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Twelve months of Microsoft Teams - 2018 highlights

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Twelve months of Microsoft Teams - 2018 highlights

Written by Modality Newsroom on 11, December 2018

 

As we approach the end of 2018, Project Manager Lyndsay Ansell reflects on her top twelve learnings from using Microsoft Teams as part of her daily workload, including the importance of establishing clear use cases, whether Teams can replace email and managing 'Teams sprawl'.

Lyndsay AnsellLove it or hate it, Christmas is coming. I always find that with the impending arrival of a New Year comes the urge to reflect back on the previous one. Ideally this is to celebrate successes gained from working towards goals, but it also involves marvelling at the unexpected surprises that you didn't see coming.

I've taken this opportunity to look back at the last twelve months with Teams and round up my highlights:

 

 

1. Microsoft Teams in a nutshell

In the words of a classic, "let's start at the very beginning": Teams is a place for calls, chats, meetings, file sharing, collaboration and a whole lot more. If you need more insight, check out my colleague Tom Arbuthnot’s ‘…Teams without the buzzwords and jargon’ blog.

 

2. Teams is the tip of the app-berg

Once you get familiar with using Teams, it exposes you to lots of other handy tools, both inside and outside the Microsoft 365 world. There are SO MANY opportunities for increasing productivity. Here are my top five Teams apps, and this list evolves for me all the time! 

 

3. You can go your own way

Use cases for Teams and channels are many and varied, and what might work for some users can be baffling to others. In my experience, Teams works really well for Project Management.

 

4. Email still has its place 

Teams discussions seems to come with either an overt or underlying cry of 'down with email!'. I agree with Tony Redmond who spoke at this year's Evolve Conference - email still has its place as a communication tool for certain scenarios. There is functionality to send emails directly into Teams; however, there are certain scenarios in which including emails in Teams channels can be a bad idea.

 

5. Life moves pretty fast...! 

Sometimes it can be difficult to keep up with all the features and functionality that are 'current' in Microsoft Teams - Microsoft releases new things all the time! Keep up-to-date by checking out the Microsoft Teams blog.

 

6. Customisation, customisation, customisation… 

There's a lot going on inside the Teams client. Between likes, @mentions and thread responses, you might find yourself overwhelmed by notifications. Luckily Teams has many notification options, so you can customise away to your heart's content, and choose the Teams alerts that matter to you

 

7. Storms in the Cloud  

As with all technology, it's fabulous when it's working, which is almost all of the time. For the rare occasions when things don't seem to be working as you think they should, you can check out Microsoft's 365 status Twitter feed for service health updates. 

 

8. Use case is king 

It may be tempting to use Teams just because it's new and getting a lot of attention. Really effective use of the tool only comes when people truly consider what it is they are trying to achieve, and establish clear use cases that Teams can add value to; something I discussed in a recent webinar, ‘How well do you know Microsoft Teams?’.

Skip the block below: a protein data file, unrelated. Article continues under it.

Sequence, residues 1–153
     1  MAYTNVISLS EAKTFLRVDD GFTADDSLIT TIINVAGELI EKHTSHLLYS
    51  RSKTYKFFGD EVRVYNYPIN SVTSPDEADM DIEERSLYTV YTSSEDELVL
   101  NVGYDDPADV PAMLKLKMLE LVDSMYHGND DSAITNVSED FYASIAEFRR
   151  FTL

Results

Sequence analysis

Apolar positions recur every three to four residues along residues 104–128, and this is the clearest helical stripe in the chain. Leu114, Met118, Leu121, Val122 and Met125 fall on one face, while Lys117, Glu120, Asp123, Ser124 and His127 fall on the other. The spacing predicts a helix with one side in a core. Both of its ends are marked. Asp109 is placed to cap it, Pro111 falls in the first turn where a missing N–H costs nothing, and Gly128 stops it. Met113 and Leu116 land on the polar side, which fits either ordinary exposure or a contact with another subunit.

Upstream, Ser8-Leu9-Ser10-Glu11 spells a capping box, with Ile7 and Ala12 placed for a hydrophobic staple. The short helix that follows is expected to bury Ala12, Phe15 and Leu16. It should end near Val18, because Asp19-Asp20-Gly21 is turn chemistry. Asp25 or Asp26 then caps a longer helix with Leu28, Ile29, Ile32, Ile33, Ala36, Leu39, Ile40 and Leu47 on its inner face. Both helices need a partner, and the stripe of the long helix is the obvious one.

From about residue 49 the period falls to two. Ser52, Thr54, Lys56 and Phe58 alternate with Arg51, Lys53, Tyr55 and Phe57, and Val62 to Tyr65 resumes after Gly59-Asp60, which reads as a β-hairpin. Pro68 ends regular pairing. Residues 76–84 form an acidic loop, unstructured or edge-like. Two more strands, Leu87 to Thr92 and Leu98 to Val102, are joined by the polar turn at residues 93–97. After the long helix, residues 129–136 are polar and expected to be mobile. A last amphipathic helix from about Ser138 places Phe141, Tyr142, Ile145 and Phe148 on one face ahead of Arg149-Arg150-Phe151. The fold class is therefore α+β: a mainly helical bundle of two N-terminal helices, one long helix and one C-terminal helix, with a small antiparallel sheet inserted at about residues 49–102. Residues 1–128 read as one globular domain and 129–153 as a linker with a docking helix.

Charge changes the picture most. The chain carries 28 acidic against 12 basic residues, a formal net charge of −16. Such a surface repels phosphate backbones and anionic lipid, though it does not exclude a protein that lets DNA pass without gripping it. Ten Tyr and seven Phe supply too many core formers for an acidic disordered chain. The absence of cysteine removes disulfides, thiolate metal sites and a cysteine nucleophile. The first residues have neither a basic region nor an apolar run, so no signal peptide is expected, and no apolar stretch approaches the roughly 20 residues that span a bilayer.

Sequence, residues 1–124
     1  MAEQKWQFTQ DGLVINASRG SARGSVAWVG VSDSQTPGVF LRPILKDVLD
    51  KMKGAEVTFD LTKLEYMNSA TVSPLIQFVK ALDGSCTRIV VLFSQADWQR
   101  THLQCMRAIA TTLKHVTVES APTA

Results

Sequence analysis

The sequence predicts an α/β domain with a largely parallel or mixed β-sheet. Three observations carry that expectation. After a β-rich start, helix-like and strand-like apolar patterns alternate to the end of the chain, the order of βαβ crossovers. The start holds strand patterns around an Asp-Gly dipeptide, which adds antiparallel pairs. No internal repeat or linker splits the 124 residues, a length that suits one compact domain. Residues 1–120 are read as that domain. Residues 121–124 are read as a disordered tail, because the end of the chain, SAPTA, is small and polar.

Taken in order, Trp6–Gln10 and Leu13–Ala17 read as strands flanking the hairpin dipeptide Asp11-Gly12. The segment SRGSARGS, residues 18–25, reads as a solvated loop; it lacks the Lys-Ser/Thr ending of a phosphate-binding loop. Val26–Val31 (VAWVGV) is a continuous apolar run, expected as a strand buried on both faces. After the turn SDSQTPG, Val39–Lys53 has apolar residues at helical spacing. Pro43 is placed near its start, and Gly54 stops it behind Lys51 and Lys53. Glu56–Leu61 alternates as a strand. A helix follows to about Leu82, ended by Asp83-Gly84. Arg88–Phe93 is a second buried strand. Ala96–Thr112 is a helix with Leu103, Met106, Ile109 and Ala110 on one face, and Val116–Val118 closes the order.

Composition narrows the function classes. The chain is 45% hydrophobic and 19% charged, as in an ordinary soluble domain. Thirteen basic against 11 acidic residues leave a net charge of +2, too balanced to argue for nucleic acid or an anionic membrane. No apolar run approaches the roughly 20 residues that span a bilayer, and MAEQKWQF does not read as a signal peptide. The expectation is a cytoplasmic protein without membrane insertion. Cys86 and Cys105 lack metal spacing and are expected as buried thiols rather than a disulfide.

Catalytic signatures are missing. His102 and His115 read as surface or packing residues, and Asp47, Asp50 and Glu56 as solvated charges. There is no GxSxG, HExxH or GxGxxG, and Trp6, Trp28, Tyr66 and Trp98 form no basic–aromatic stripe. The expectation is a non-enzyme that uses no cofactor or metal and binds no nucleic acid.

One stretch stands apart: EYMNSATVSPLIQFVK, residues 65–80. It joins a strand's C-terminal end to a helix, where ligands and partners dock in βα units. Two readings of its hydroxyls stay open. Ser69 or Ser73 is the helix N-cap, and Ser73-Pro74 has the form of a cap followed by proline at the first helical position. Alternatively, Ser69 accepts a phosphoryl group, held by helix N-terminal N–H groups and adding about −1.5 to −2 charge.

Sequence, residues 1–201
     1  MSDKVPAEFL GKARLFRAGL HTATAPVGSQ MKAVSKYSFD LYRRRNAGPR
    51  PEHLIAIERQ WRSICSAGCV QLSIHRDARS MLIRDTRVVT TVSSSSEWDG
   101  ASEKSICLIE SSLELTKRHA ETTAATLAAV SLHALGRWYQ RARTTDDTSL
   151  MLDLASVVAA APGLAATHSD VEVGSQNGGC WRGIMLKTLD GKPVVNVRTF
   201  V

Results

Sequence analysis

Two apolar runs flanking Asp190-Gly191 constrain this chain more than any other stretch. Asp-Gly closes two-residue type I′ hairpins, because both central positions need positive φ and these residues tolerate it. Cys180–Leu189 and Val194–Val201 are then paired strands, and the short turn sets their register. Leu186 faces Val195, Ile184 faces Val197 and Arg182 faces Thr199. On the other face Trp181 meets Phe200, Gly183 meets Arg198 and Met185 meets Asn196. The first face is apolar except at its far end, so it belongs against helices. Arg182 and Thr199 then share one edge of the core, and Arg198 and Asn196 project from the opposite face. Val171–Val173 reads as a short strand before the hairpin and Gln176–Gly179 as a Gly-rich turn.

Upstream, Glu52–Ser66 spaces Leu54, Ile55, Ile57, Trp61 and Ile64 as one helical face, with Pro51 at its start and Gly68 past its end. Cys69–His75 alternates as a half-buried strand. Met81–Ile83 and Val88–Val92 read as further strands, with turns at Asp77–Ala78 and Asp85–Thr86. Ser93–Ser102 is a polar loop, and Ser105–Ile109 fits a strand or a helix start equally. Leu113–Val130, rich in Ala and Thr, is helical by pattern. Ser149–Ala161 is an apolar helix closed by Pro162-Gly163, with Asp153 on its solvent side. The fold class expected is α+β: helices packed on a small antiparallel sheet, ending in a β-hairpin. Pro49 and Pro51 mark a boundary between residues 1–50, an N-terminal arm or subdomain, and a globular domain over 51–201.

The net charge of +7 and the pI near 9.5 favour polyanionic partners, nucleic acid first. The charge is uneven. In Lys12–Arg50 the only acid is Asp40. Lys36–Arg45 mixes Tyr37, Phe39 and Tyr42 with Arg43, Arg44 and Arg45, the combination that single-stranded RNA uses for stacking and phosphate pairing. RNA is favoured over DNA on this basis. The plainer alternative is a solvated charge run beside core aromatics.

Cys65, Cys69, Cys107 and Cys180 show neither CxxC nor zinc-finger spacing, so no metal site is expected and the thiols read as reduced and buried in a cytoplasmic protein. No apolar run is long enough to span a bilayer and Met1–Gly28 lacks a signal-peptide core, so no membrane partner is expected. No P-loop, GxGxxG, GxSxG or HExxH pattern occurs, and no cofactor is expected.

9. ‘Teams sprawl’ will happen

For organisations that are brave enough to just 'turn on Teams and see what happens', Teams sprawl can be a real problem once users get trigger-happy and start setting up teams and channels. Putting aside the obvious need here for organisational policies and guidance, there are a few ways that end users can combat Teams Sprawl for themselves.  

 

10. Collaboration in the spotlight 

Teams is a little different to what might be a familiar way of working for lots of people; squirrelling yourself away to develop documents or content and only sharing when you're happy for other people to see them. Working out loud with colleagues in a really visible space that encourages more co-authoring, collaboration and real-time feedback can be a daunting prospect, but it's one that really pays dividends when done well. I think one of the keys to this is good communication habits in Microsoft Teams.

 

11. Microsoft listens to feedback 

I often hear people say "Teams is great, but I wish it did [insert cool feature here]…" - this is exactly the kind of thing the Microsoft Teams team wants to hear, and they really listen to it to help shape the future of the product. If you have lots of ideas on how Teams functionality could be enhanced, check out UserVoice to submit a new idea or add your vote to existing ones. This is how features end up on the roadmap so it's not just for show.

 

12. Ch-ch-ch-changes 

There's no getting around it - using Teams can be a huge change, for both businesses and individuals. If a technology change is made without bringing the people along on the journey, you can end up facing a lot of resistance.

 

With that, I say so long to 2018 and all its lessons! I hope you are finding my Microsoft Teams blogs useful. If you have any questions or would just like to stay connected, follow me on one of my social channels below – I’d love to meet you.

 

Lyndsay Ansell

Project Manager | Modality Systems

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Topics: Teams Insights

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